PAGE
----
August 21, 2014 |
WHEN THE children of the Blake household in South Philly turned 6, they took piano lessons. "There were no ifs, ands or buts about it," said one of those kids, Charlotte Blake Alston. "You played the piano. " It was an edict from their mother, Carrie Blake, a church organist who knew the value of music to the human soul. Their father was a very literate letter carrier. Another of Carrie's children was John Blake Jr., who became an internationally renowned jazz violinist. He always acknowledged that his love of music began in the pews of Holy Trinity Baptist Church in South Philadelphia.
August 21, 2014 |
John Blake Jr., 67, the Philadelphia jazz violinist and music educator who toured with Grover Washington Jr. and McCoy Tyner, and taught generations of students at the Settlement Music School and the University of the Arts, has died. Mr. Blake died Friday, Aug. 15, from complications of multiple myeloma, according to his son, Johnathan. The jazz man grew up in South Philadelphia, and studied violin and piano at Settlement before graduating from West Virginia University with a music degree and going on to the Institute of Advanced Studies in Montreux, Switzerland.
April 22, 2014 |
The premise is simple: David Uosikkinen leads his bandmates in the Hooters, along with a coterie of this city's finest rock-and-soul players, through a project of his own devising, a catalog of his favorite Philadelphia-rooted songs. You can argue with Uosikkinen's choices, but you can't argue with his enthusiasm or reach ("I Ain't Searchin' ", from Philly late-1960s favorite the American Dream is alone worth the price of admission). Under the moniker In the Pocket, Uosikkinen's shifting collective ensemble released its tracks online (to benefit the Settlement Music School)
March 24, 2014 |
For four years, Ellie D. Brown has been trying to determine whether an early education in the arts enhances children's ability to learn overall, and again and again she has turned to an unlikely tool of inquiry: a small swab of sponge. More than 24,000 times, the West Chester University associate professor of psychology and her colleagues have reached into the mouths of 500 children at Settlement Music School's Kaleidoscope Head Start program and a nearby control school to measure cortisol, the hormone associated with stress levels.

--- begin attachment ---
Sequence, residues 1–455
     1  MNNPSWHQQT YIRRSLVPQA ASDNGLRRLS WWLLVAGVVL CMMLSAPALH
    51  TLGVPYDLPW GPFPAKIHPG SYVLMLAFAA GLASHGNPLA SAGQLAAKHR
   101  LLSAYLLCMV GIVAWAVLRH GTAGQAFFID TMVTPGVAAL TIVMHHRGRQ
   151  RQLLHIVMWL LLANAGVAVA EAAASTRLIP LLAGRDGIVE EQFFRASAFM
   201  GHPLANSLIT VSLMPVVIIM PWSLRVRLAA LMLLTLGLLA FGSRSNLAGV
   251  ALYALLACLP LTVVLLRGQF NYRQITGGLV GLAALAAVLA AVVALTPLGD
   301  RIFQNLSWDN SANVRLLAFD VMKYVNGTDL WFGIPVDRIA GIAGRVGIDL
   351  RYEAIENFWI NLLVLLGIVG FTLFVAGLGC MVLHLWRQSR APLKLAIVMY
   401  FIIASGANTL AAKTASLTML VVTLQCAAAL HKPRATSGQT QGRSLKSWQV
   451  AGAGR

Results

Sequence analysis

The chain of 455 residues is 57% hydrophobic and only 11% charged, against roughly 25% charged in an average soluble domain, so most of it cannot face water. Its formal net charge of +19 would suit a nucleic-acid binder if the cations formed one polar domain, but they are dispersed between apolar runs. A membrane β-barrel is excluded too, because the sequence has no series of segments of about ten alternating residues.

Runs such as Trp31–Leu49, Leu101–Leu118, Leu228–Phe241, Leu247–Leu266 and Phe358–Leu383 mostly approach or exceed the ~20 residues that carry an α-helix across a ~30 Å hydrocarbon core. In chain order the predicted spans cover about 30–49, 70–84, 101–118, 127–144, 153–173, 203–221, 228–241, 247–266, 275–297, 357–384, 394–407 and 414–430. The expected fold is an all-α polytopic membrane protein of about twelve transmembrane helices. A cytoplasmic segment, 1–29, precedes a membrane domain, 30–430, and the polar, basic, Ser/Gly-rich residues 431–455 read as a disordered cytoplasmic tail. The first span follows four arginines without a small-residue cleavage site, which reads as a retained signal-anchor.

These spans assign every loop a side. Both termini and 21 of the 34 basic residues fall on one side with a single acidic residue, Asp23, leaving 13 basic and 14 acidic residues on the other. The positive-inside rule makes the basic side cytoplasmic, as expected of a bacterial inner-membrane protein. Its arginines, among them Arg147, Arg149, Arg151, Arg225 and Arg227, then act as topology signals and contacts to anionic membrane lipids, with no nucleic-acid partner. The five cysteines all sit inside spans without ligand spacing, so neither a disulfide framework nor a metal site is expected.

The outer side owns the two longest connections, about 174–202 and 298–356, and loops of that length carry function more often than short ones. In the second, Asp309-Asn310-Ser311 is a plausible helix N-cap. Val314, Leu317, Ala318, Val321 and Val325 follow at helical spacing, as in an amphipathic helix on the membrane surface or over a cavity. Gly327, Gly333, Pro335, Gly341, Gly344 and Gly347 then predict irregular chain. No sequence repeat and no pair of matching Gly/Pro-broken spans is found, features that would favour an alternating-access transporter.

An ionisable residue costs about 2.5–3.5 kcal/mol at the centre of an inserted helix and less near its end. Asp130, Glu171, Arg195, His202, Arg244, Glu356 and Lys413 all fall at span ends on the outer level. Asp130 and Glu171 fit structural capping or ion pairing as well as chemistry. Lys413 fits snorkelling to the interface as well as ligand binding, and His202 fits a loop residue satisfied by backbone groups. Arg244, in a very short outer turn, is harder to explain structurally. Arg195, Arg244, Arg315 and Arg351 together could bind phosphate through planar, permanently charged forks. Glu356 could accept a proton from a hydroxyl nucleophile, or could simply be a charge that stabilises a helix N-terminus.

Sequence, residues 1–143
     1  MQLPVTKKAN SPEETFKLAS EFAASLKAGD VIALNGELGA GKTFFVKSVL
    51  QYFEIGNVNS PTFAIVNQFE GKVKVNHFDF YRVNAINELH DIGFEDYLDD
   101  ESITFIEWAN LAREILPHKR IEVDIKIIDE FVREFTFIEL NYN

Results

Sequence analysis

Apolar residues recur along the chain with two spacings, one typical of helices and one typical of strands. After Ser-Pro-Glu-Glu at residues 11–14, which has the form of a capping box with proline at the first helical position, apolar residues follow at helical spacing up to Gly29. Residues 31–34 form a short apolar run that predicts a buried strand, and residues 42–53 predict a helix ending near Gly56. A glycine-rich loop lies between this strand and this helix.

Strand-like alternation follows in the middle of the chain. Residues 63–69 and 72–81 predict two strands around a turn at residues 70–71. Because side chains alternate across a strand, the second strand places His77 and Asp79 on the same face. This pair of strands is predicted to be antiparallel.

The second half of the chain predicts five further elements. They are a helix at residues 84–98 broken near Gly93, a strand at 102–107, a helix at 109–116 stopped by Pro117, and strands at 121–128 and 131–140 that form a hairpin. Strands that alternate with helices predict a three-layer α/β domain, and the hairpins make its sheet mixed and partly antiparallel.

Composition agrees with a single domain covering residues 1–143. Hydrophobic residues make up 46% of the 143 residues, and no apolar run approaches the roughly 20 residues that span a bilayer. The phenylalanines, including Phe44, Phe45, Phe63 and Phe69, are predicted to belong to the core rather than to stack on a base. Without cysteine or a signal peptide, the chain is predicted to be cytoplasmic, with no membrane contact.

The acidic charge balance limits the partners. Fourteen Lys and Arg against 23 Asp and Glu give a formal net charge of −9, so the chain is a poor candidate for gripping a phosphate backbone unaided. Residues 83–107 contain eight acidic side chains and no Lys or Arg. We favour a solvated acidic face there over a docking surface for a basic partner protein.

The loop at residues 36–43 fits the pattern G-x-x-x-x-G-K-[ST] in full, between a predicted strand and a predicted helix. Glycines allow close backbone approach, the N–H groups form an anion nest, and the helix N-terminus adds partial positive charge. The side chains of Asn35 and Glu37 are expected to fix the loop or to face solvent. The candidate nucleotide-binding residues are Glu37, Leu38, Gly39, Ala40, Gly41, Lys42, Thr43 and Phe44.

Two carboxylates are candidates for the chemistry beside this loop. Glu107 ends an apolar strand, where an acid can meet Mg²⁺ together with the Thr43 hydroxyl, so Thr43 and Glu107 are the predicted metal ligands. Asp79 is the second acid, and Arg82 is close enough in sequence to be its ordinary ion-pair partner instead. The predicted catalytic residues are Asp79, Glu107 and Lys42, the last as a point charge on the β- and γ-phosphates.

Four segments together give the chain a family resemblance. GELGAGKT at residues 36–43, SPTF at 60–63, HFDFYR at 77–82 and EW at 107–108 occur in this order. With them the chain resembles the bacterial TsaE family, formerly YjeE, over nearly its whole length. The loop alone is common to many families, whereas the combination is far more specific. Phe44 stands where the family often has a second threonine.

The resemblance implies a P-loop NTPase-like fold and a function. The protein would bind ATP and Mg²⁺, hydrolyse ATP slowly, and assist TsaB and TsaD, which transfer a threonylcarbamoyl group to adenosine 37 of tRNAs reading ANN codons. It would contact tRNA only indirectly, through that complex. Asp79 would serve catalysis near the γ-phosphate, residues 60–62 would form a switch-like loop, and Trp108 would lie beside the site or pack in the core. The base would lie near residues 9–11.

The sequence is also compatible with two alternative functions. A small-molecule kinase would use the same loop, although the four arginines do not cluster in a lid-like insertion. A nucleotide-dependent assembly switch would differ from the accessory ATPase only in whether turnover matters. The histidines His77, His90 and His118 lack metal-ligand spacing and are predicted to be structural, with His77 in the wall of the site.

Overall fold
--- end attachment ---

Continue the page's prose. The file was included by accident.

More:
March 2, 2014 |
Bloody street riots changed the context of Lydia Artymiw's recital Thursday at the American Philosophical Society. The Philadelphia-born pianist submitted her program a year ago to showcase music by five Ukrainian composers as part of her own heritage. Events in Kiev transformed these works from a personal statement of cultural brotherhood to an elegy for a nation in pain. The five pieces, in minor keys and modal echoes written in the 19th and 20th centuries, etched a portrait of sorrow, frost, and snow.
October 25, 2013 |
In July, trumpeter Wallace Roney and a big band debuted "Universe," a piece that saxophonist Wayne Shorter wrote in 1968 for the Miles Davis Quintet, plus orchestra. Shorter had thought the piece was lost. In time, he found it and sent it to Roney, who worked for years to give it a proper birthing before succeeding at the Jazz Standard in New York. "We've been turned down by every record company, but we're trying," Roney said of the long-form, tuneful piece, which pulses with flutes, French and English horns, and bassoon.
June 25, 2013
By Allison Vulgamore The Philadelphia Orchestra recently returned from our China residency and 40th anniversary tour. (For sure, it is a relief to see cheesesteaks on the menu!) While we are exhausted, we are also exhilarated. We returned home a changed orchestra - not in sound, but in spirit. We have been deeply touched by the generosity of the Chinese people and moved by the power of our strengthened bond. The Philadelphia Orchestra's first visit to China, 40 years ago, was historic.
June 20, 2013 |
The streets of Philadelphia will be more musical than usual on Friday. Outside 30th Street Station at 8 a.m., singer-guitarist Scot Sax will greet commuters in an interactive, bring-your-own-cowbell performance of Paul McCartney's "Silly Love Songs. " (Smartphone cowbell app participation is also encouraged.) That will be followed by the Settlement Music School's Kyo Daiko ensemble, banging on Japanese Taiko kettle drums. Those free performances, and more than 130 others at more than 50 venues throughout the city, will be part of Make Music Philly day, Philadelphia's first participation in National Music Day. The event, born in France, came to the United States in 2006 and has grown to include municipalities such as New York, Chicago, Santa Fe, N.M., and Kalamazoo, Mich.
February 22, 2013 |
THE CHANTS from families whose children attend Penn Alexander School were simple and blunt. "Ten more in! Ten more in!" the 60 adults and children yelled Wednesday outside a University Council meeting at the University of Pennsylvania. The group braved the chilly temperatures to demand that 10 students, wait-listed to attend the prestigious K-to-8 school under a new district-imposed lottery system, be allowed to enroll. "Broken Compact, Broken Families, Broken Community" read one sign.
February 21, 2013 |
Although most schools in the area were closed Monday for Presidents' Day, the halls of the Philadelphia High School for Girls were filled with the sounds of aspiring young musicians and singers belting notes in a foreign language and pounding on drums. The high school hosted the first Philadelphia Festival of Young Musicians, an all-day music program featuring more than 200 third- to sixth-grade students from city public, private, and charter schools who gathered to rehearse and then perform in a concert.